Friday, May 17, 2019

body of Christ

India's buzzing in my head: something smells like Shanti Dan as I pass John the Divine—a whiff of memory floating off a street vendor's truck.

Fr. Michael is on fire with the Bread of Life Discourses, insisting that there is a radical community of Christians who intimately matter to each other—even the depressed person in India, he says. Did he know that I was thinking of Kolkata? I wonder.

I think about what joy means, particularly in a space like here, which is less like joy and more like concrete and a place like Kolkata, which is less like joy and more like sweltering heat and sweat dripping down the small of your back.

I do not know if I think about the depressed person in India, but I do know that too many days, on the subway, I look at the people all around me, and I just want to soak up all their pain like a sponge until I'm swollen with it and then wring it out like cleaning blood out of a sock covering a blistered foot, squeezing it all out like a sponge into the holy water font at the back of St. Patrick's Cathedral.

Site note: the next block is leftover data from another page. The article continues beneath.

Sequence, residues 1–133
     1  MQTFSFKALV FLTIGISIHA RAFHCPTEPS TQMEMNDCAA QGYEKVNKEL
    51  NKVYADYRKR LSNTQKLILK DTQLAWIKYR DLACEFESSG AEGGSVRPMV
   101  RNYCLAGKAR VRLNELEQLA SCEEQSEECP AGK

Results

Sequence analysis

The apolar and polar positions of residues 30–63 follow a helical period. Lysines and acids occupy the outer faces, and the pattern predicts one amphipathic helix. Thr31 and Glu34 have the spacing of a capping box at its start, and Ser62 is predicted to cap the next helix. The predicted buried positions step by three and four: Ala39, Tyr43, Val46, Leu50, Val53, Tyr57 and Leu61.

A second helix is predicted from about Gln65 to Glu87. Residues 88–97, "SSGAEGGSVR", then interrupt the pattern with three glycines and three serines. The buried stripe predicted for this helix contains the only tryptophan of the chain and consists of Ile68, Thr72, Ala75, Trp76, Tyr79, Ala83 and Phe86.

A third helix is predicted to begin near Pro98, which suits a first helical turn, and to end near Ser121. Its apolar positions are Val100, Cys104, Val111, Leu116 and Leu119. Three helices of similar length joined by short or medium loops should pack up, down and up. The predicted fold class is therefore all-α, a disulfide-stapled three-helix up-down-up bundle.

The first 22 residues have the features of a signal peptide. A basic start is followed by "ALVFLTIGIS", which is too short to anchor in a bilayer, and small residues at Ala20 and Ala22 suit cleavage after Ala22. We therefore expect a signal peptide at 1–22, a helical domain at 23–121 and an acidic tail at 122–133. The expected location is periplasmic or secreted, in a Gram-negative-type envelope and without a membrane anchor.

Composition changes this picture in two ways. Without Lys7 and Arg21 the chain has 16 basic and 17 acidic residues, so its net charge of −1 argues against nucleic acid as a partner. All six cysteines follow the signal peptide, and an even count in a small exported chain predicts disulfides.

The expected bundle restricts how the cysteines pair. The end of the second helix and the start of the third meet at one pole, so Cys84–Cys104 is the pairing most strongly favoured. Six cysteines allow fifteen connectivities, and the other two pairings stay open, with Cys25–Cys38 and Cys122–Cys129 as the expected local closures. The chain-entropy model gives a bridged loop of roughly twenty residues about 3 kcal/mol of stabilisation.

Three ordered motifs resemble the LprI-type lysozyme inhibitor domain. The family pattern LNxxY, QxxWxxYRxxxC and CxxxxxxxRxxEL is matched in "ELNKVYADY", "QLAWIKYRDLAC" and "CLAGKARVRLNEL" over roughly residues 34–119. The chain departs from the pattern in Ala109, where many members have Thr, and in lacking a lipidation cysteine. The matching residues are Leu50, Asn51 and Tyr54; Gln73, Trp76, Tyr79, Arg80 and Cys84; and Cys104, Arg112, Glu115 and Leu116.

And I wonder if these are the moments we love most like God. We see what we are part of—we haven't even made it, but it's ours—and we just want to heal it, we cannot bear it being sad.

Or those moments when I cry—not the angry, swollen tears of loss or the hot and dirty tears of anger—the soft, warm tears of remorse, of sorrow for being a person who causes others sorrow. These tears flow easily, quickly, out of regret for misunderstandings, or for living out of fear, or for not extending kindness and empathy to the people who deserve them, the compassion I should give them that rises up naturally for the faces surrounding me on the subway.

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